The Eternal Flowers of Vanity

The word “vanity” in its original meaning with respect to its Latin origin denominated the expiration and lack of substance of the things of this world.

In art, especially in Painting, it refers to a type of still life (skulls, candles, clocks, withered flowers and other symbolic entities of death) that thematize the ephemeral nature and transience of all human activity.

In my childhood memories, cemeteries were strange places where even a very young child could experience, see and even smell the expiration of all life: withered flowers lay on the graves, hung from the niches or scattered along the sandy paths.

Thousands of sparrows in grayish clouds, multicolored flies and wasps of terrifying size, landed on withered and trampled remains, looking for something to eat or simply to drink the scarce water from some puddle.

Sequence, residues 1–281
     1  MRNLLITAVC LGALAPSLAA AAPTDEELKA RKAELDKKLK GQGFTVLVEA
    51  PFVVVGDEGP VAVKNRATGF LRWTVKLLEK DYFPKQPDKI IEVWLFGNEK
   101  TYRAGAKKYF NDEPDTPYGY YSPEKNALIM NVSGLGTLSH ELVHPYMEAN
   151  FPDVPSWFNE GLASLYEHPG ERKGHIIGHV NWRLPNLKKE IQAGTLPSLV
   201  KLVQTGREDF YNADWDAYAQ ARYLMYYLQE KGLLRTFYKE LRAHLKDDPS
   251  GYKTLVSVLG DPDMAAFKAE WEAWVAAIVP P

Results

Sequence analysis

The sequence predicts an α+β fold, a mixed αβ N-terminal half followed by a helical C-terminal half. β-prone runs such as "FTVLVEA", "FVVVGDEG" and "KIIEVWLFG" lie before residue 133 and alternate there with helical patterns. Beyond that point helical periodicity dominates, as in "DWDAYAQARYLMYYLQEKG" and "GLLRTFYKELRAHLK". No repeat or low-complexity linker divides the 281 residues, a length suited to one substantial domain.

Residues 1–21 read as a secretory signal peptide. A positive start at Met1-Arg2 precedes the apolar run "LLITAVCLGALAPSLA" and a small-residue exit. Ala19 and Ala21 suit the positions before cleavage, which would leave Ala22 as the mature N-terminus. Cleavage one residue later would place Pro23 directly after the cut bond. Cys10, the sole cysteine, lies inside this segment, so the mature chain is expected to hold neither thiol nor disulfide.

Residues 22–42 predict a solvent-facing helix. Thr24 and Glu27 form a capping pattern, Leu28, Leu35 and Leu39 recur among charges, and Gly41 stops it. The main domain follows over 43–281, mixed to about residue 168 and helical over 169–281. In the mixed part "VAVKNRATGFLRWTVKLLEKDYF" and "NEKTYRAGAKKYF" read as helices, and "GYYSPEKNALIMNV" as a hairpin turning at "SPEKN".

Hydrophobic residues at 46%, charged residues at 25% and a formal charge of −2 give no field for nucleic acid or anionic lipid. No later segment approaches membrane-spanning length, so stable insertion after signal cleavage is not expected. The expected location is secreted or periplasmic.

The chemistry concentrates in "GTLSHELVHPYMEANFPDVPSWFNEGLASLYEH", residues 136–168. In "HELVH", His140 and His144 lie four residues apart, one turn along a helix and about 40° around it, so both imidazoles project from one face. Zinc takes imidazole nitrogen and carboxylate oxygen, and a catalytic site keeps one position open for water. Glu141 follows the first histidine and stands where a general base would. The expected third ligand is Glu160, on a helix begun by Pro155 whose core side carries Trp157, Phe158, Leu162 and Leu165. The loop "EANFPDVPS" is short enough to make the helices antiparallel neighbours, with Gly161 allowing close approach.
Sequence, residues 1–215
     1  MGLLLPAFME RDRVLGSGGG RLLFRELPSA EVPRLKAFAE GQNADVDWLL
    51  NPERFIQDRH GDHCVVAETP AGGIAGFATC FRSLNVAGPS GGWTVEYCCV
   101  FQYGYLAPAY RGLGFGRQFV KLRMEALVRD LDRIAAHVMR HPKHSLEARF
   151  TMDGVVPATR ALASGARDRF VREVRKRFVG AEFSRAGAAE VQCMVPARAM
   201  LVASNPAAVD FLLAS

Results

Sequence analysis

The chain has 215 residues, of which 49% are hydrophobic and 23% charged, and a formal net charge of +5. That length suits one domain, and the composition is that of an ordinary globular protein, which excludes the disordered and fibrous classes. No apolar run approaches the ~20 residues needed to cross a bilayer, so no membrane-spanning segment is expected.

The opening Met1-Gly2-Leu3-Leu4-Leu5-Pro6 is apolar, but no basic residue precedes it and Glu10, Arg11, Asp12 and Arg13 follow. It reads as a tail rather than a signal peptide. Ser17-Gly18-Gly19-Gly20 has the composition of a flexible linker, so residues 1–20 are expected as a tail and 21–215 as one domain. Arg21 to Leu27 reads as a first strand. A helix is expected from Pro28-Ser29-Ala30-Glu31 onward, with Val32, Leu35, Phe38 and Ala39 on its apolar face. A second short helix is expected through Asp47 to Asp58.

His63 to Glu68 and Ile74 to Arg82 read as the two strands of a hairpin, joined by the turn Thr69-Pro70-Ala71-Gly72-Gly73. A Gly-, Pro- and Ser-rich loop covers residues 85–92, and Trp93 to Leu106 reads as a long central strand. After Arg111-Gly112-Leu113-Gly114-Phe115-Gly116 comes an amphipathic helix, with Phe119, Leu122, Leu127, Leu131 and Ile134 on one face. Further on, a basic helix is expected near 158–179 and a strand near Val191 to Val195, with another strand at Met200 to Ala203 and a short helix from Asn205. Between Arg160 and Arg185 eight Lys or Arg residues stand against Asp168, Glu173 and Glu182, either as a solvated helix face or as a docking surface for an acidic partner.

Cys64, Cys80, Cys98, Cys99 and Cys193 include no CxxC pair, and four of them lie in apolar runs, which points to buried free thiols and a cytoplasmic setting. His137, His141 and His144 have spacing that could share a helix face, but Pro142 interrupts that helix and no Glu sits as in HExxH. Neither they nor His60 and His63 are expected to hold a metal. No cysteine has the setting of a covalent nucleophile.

On my recent visit to the main cemetery in Huelva, I was saddened to see that this is no longer the case: the flowers are all made of plastic. Some branches are embedded in the same niche.

They don’t smell; after 30 or 40 years they are only a little faded. Deprived of their transience, they adorn the deceased long after their disappearance and oblivion, and perhaps even their successors in that last bed.

No sign of the birds; neither of the multicolored flies nor even of the terrifying wasps.

Its Art! Take your time!